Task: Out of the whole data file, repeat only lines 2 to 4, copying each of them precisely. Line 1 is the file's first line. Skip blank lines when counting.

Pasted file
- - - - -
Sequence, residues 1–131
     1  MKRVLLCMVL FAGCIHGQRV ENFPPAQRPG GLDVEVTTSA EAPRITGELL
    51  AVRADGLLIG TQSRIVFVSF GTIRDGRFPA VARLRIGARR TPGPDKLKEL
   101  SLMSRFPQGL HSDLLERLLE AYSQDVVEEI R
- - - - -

     1  MKRVLLCMVL FAGCIHGQRV ENFPPAQRPG GLDVEVTTSA EAPRITGELL
    51  AVRADGLLIG TQSRIVFVSF GTIRDGRFPA VARLRIGARR TPGPDKLKEL
   101  SLMSRFPQGL HSDLLERLLE AYSQDVVEEI R